We recently interviewed and photographed people in the Washington area who are intimately involved in the aftermath of death. Their occupations are diverse, but their insights about death, grief and life are universal. (Interviews have been edited and condensed.)
Owner of Strong Oaks Woodshop in Front Royal, Va.
I’d been doing woodworking for a while, and it never occurred to me [to make a casket]. But about 12 years ago my mom called and said, “What would you think about doing a casket for Grandma?” She had dementia, and the writing was on the wall. I had to sit down and figure out the general construction problems, but it turned into something really special. At the time, a couple of my younger brothers were here visiting. It was a project that we worked on together and was so completely different from anything I had experienced up to that point. It was this last gift we could give to somebody that we love.
As often as we can, the people who are asking for the casket, we try to get them involved in the process. One gentleman had a family with German heritage, and we did a hand-carved German wayside shrine that was mounted on the top. His 14-year-old daughter came and trimmed that out in gold leaf. Doing this takes away the feeling of helplessness that death brings. She was able to take her grief and use it to good purpose. There’s something fruitful about that.
I get very personally involved in these projects. Every job’s great, but around here everybody knows that when a casket comes on deck I kind of just have to drop everything and disappear for a couple days. I’m a Catholic Christian, and we believe that God himself chose a human body to inhabit and he lived a human life here on Earth. I’ve had really good Catholics say, “God have mercy, Mike, that coffin is too beautiful to put in the ground,” and I just say I flat-out disagree. I don’t think we could honor that person too much. A body was considered a fit enough vessel for God. Anything I do to honor that human body is pretty pale by comparison.
Home funeral guide and co-founder of Threshold Support Circle in Baltimore
When you die, why would you want to be somewhere other than your own home? We feel the tears, but we also feel the love, the connection with other people. I actually experienced this with my own mother. She had dementia, and we brought her to my home in Baltimore and cared for her before she died. At first, when my father saw my mother in the bedroom, lying with flowers and a little curtain blowing in the wind and music playing, he was sobbing, and said, “I don’t know if I can go back and see her again.” But then other people came, and he saw them go upstairs to spend time with her. He said, “I want to go back up.” And he grew so comfortable.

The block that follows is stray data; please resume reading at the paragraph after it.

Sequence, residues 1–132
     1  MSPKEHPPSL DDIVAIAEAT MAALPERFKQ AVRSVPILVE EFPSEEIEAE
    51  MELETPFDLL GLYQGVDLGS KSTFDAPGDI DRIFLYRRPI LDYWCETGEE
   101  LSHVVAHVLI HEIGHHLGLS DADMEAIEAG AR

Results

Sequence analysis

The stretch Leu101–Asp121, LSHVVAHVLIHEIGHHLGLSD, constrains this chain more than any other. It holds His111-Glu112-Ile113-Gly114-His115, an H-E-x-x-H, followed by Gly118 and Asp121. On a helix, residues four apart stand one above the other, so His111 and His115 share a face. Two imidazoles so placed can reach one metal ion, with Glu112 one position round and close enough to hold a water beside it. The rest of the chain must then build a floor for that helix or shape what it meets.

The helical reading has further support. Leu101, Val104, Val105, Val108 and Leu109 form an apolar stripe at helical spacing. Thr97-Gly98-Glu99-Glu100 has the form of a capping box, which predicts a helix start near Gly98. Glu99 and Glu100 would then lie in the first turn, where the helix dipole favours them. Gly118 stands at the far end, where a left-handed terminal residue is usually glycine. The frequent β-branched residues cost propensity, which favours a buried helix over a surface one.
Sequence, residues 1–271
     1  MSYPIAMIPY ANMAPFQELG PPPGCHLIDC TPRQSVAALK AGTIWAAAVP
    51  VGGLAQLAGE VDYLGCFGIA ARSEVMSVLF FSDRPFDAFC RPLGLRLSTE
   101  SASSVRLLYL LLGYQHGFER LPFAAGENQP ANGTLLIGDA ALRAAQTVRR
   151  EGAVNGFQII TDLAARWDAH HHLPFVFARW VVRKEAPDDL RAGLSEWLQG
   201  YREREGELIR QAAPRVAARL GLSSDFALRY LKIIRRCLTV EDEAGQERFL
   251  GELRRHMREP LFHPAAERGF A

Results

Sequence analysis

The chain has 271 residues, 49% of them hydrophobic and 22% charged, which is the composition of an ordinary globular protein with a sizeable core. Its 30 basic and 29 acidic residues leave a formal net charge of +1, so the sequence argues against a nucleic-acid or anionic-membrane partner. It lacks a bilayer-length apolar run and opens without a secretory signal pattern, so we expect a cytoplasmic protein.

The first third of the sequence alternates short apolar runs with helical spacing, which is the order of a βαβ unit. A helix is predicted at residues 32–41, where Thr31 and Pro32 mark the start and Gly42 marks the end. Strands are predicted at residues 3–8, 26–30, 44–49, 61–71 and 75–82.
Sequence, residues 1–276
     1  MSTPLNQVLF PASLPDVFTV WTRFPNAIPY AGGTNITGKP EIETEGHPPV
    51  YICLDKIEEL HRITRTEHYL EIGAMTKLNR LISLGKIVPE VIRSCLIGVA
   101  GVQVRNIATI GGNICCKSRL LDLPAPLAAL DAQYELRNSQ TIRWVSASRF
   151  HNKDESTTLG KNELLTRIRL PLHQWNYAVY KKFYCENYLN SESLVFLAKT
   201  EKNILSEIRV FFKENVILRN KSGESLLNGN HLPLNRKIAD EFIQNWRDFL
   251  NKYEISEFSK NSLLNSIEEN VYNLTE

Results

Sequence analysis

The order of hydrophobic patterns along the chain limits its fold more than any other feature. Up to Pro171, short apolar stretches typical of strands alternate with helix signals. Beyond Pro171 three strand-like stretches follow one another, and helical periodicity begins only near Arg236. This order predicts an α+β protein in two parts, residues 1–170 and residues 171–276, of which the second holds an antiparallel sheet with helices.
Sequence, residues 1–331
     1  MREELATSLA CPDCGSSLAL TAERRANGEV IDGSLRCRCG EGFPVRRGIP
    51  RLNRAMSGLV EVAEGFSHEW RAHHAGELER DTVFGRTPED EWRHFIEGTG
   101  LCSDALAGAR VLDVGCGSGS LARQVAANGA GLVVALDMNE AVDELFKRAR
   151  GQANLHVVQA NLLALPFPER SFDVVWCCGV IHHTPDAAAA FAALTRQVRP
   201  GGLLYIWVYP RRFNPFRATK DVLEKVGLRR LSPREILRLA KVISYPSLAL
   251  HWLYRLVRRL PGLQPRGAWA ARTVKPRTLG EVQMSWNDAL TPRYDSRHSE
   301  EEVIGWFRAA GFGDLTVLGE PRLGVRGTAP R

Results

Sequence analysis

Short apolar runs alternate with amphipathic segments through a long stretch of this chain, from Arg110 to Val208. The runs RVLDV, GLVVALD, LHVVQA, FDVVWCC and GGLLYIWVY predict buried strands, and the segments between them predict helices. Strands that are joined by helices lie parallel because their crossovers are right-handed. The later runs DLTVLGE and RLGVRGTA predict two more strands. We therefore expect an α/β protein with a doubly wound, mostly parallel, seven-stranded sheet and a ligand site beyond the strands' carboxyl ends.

We’re in a culture that doesn’t really want to deal with death that much. But death can be a meaningful experience that families share. It allows the grief to be hands-on. And what people don’t realize is that they can do more by themselves than they thought. In some states you can be your own funeral director. I’ve become trained as a home funeral guide, so I can guide other people through this: bathing the body, keeping the body preserved for a few hours or overnight before it’s moved. There’s a way to use dry ice to cool the body down so it doesn’t begin to decompose. I’m there as a support, as a counselor, somebody to reassure you that you’re doing fine.
You want to feel that people are attended to and cared for. It’s a privilege to be accompanying a family at a time like that. I tear up over the loss and also am moved by the love that I’m hearing. To be able to share that with other people, to have other people come and be with you, it’s so comforting. We’re so devoid of meaning in our lives sometimes. What’s more meaningful than accompanying a loved one as they approach their death, or after their death?
Executive director of Kavod v’Nichum, which educates and supports chevra kadisha groups, volunteers who perform burial rites for Jews, based in Columbia, Md.
Tahara is a Jewish tradition that goes back thousands of years. This is a ritual in which people from the community come together and, with respect and intention, say prayers, and wash and dress the body of the person who’s died. As part of our prayers, we ask the person who’s lying there before us to forgive us if we do anything to disrespect them. Most people don’t talk to dead bodies. But we do, because we believe that the soul is hovering above the body. Until they’re buried, it’s part of them, or with them. The essence of the person is still in the room.
There’s lots of emotion involved in this. I went to Pittsburgh to provide support to those who were washing the bodies for people who were murdered [in the Oct. 27 shooting]. What made it so much worse was that two of the people — one who was killed, one seriously injured — were part of the group that washes bodies on a regular basis. When the chevra came out of the room we stood in a circle, held hands, put our arms around each other. People talked about the experience, about Jerry [Rabinowitz, one of the 11 people killed at Tree of Life synagogue], about how they appreciated the support, and then they went ahead and did another one. And the night before they had done three. That’s not an easy thing to do.